1. Time Management
Choose the best part of your day and use it wisely. Time management is a catch-all phrase for planning but without it very little gets done. I believe we must create our life and that goes with how and what we spend our time on.
For example, when I'm writing, I choose morning because that's when I feel most creative and can seem to channel my thoughts onto paper. When I was job searching, I would only accept an interview in the morning because I wanted to show up at my personal best and my energy is lower in the afternoon.
Not only will you look and feel better, but you'll also have a sense of accomplishment, which will create momentum in other areas. There are so many benefits to exercise and I'm a huge fan. Knowing yourself will help you engage in the right activity at the right time of day.
For example, I work out in the middle of the day because that's when I need a lift. I go to the gym because instructor-led group exercise is more motivating to me. Consider hiring a personal trainer or trying one of these activities: cardio, weight training, running, playing sports, yoga, Pilates, walking.
There are no excuses for not exercising. It is the single most important thing you can do for your health. It will also propel you forward in your work life and job search activities because you will feel good about yourself.
3. Being Reactive
Living in a non-stop world these days can wreak havoc on your health, relationships, and productivity. If you are someone who does whatever comes up and jumps from activity to activity, then chances are you aren't being very productive.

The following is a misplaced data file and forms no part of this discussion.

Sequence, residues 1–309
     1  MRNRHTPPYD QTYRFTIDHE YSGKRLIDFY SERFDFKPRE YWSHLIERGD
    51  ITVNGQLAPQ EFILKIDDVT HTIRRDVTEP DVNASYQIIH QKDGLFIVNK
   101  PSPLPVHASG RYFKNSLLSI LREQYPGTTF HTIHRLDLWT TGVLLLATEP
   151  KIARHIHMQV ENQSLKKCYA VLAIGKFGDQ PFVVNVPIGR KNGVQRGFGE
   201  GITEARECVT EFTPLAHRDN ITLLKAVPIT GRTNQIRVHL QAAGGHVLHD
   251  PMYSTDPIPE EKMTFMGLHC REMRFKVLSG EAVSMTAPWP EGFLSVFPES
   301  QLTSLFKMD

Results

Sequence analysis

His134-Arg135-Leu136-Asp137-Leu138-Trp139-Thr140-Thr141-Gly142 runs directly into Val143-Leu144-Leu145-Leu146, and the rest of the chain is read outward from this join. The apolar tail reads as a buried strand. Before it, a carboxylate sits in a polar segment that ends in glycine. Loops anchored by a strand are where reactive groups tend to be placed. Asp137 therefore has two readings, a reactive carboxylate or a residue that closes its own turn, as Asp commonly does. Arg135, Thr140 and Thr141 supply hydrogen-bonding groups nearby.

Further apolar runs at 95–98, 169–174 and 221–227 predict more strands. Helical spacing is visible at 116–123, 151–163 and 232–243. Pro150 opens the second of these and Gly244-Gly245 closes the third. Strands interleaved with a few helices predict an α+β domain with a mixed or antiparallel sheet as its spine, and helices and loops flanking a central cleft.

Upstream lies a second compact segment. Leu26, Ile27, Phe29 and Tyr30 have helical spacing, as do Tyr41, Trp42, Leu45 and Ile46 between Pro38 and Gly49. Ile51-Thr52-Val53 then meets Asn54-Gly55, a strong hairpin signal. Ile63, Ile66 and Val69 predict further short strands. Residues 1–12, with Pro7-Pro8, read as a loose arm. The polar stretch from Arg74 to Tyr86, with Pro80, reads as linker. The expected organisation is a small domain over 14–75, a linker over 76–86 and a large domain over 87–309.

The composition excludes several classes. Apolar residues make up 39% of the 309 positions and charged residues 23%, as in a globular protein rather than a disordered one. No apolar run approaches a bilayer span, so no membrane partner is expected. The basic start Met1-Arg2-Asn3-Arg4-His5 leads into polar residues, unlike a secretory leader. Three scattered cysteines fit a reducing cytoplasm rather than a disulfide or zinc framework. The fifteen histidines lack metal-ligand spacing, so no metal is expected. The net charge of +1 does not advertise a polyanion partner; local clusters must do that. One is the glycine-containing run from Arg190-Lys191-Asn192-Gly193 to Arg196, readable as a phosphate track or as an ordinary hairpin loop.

Multitasking is necessary at times, but I wonder if people actually accomplish more or less. I have seen incredibly people pull off multitasking and I'm in awe of their talent. Sadly, I'm not one of them. I'm someone who takes charge by starting and completing tasks before moving on to the next thing. Knowing which one of these people you are can work to your advantage and increase your productivity.
4. Priority List
It's a game changer. Either you run the day or the day runs you. Writing out a priority list on things that are most important to you right now will help you to stay focused on what you want and off of what you don't want. You've developed the criteria for making decisions and your life flows better because you're connected to what you want.
5. Setting Boundaries
I find it necessary to set boundaries with people because, when I do, it helps protect my energy and mood and I'm honoring my time. For example, I won't take phone calls in the morning. I have also stopped listening to victim stories because I find them very draining. I also choose to work from inspiration—not obligation—and this helps me eliminate time spent doing things I don't want to do and opens up time for activities that fill me up and move me forward.
6. Commuting And Traffic
Commuting can be such a huge productivity killer. People spend hours every week stuck in traffic. Do the research and see if there are ways that you can obtain the same results through an online meeting or phone call. Can you work from home? Plan what you will do to make your time in the car productive? These are valuable ways to reduce your time held hostage in traffic.
If you want to be more productive in life and in your career, focus on these six things first. Chances are at least one of these tips will work for you!
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This article was originally published at an earlier date.